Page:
“Chef Menteur rarely play by the rules of any genre … ”
Limited edition 3 CD set comprising Chef Menteur’s latest album Force Majeure, originally released as a now sold out cassette, a reissue of their earlier album East of the Sun and West of the Moon, and its previously unreleased companion album North of Tomorrow and South of Yesterday, with material from the same sessions. The set is packaged in an aesthetically pleasing triple gatefold card sleeve, placing Sunrise Ocean Bender among those labels that care as much about the visual design of their releases as the music itself.
Chef Menteur make instrumental music that straddles a variety of genres and is full of creative, inventive ideas. Starting with East of the Sun and West of the Moon: Narconaut is intense psych/spacerock with the effective addition of cosmic whooshing sound effects courtesy of sine wave generator. Il Obstrue Ma Vue de Venus combines a folky guitar melody, and a similarly folky interlude based on mandolin and melodica, with heavy psych rock aspects, atmospheric effects, and experimental noise. The Forest combines ambient drones, electronic beats and spoken word samples. Ordo Templi Orientis brings together sitar, thundering percussion, noise guitar, spacey effects, and experimental elements in a way that is original and engaging. I Belong to this Plateau is a gentle folksy piece augmented by atmospheric drones and effects, found sounds, and squalling noise.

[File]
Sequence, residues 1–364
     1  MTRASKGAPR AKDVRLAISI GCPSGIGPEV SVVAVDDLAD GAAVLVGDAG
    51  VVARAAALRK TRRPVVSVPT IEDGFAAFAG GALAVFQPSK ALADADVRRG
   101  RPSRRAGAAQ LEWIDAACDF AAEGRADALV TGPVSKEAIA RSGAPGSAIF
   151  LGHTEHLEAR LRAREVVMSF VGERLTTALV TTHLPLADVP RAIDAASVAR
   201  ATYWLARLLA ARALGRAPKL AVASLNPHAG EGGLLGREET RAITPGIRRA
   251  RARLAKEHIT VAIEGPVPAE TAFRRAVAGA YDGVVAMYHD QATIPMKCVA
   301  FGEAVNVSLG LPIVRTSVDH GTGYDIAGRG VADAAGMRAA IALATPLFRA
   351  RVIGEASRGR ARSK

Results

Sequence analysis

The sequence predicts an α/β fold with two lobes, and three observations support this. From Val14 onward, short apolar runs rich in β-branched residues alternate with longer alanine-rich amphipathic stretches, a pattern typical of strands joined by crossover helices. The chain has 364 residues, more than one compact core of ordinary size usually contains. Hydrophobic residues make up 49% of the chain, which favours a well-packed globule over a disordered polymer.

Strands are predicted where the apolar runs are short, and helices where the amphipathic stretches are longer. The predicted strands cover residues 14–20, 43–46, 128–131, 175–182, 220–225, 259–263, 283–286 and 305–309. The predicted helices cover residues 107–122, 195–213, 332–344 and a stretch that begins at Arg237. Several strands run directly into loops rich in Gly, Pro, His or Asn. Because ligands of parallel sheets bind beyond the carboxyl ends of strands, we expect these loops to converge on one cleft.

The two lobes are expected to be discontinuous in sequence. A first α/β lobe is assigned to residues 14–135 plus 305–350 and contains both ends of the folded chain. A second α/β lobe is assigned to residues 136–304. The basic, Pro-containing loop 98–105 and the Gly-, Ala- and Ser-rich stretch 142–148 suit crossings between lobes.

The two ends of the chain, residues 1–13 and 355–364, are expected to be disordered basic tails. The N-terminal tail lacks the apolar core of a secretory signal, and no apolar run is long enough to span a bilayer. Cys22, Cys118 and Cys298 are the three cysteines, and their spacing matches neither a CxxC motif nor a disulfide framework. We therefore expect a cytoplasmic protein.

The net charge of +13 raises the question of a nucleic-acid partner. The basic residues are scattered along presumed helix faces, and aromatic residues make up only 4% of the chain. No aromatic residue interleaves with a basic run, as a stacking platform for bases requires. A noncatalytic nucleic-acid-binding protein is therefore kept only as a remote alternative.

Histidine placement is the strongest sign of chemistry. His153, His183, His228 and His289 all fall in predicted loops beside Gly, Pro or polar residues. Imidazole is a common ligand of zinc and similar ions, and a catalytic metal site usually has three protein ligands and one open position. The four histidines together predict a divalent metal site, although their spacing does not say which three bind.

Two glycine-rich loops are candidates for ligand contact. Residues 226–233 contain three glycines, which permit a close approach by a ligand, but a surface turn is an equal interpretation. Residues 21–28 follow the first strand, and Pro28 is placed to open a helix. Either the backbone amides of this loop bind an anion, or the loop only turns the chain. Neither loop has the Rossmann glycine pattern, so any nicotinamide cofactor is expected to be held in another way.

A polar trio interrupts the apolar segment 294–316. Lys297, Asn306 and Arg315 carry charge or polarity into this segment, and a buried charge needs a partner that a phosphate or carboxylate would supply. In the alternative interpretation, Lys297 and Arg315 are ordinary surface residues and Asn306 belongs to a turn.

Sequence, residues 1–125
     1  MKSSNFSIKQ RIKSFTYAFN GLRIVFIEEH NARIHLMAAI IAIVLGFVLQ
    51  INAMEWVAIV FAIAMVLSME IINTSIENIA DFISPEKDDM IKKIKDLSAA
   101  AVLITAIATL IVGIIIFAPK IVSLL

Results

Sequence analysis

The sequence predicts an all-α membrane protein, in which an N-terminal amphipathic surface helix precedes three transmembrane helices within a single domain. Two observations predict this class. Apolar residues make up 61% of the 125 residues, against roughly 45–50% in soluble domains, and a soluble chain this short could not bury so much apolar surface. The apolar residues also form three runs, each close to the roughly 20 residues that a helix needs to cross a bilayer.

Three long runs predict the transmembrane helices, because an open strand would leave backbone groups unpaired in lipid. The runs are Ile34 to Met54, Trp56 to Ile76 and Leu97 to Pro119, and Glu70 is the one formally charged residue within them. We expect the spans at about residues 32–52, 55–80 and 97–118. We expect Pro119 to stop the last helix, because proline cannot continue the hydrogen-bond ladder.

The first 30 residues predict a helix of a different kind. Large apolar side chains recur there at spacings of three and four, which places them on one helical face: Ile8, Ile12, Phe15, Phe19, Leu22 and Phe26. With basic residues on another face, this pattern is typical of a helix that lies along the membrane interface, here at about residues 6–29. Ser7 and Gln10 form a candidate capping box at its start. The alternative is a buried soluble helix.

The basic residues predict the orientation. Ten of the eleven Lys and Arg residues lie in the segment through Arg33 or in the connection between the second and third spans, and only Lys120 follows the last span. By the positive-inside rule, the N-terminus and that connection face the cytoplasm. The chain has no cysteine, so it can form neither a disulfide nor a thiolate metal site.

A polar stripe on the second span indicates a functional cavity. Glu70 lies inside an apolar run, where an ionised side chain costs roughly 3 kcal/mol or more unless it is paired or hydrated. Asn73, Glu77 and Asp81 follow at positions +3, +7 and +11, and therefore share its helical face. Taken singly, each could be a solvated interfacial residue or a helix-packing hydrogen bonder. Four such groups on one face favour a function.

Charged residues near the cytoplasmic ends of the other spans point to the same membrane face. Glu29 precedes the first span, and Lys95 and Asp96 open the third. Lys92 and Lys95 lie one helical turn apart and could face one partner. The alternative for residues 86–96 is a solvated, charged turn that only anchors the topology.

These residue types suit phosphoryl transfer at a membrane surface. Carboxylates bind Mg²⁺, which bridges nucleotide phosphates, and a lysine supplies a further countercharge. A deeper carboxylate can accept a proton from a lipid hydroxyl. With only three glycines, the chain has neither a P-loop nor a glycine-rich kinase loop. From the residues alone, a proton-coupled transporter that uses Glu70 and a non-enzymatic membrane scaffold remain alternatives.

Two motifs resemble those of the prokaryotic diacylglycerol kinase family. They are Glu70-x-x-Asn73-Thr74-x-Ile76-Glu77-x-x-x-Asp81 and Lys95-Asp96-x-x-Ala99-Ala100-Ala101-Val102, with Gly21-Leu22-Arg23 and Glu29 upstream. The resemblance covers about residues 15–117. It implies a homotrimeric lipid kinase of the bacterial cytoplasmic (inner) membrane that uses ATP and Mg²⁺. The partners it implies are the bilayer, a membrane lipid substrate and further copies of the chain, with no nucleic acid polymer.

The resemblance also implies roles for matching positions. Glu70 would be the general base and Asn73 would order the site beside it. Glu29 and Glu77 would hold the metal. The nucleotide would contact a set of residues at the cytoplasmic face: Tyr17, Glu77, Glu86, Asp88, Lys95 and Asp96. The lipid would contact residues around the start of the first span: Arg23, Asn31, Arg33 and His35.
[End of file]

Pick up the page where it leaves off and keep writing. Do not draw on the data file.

Force Majeure begins with Faeroe, a soothing combination of drones and a repeating melody that could just as much be from a folk song, a hymn, or a classical piece. The overall sound, whilst having things in common with post-rock and film score, basically defies categorisation. Pyrymyd Scheme is an upbeat rock piece incorporating aspects of funk, psych, and noise. Surface Tension brings together dramatic music that sounds like it ought to be the theme tune to a 1960s spy movie with elements of post-rock and episodes of huge, cavernous soundscaping.
North of Tomorrow and South of Yesterday introduces some absurdist titles, like Ribbons from Lake Kwashiorkor, Don’t Invite a Centaur to Your Wedding, and Kenny G Goes to Guantanamo Bay. The music is not as wacky or angular as those titles might suggest, but certainly continues with the original approach of the accompanying albums. This album features the chilled-out ambience of Farfisa Duo Raga, the percussive Where Wings Take Dream, the Eastern-tinged The Long Stand part 1, the heavy, spacey post-rock of Phallus Marinarus, the chaotic noise of Kenny G Goes to Guantanamo Bay, Lozenge Jazz Club, which whilst not being jazz per se, shares that genre’s improvisational quality, and various other tracks that I’m not even going to begin to try sticking a label on. Indeed, the descriptions above only represent the basic gist of what is going on here; Chef Menteur rarely play by the rules of any genre, instead adding much that is their own. An impressive, exciting collection of music from this free-thinking band. Find out more at www.sunriseoceanbender.com.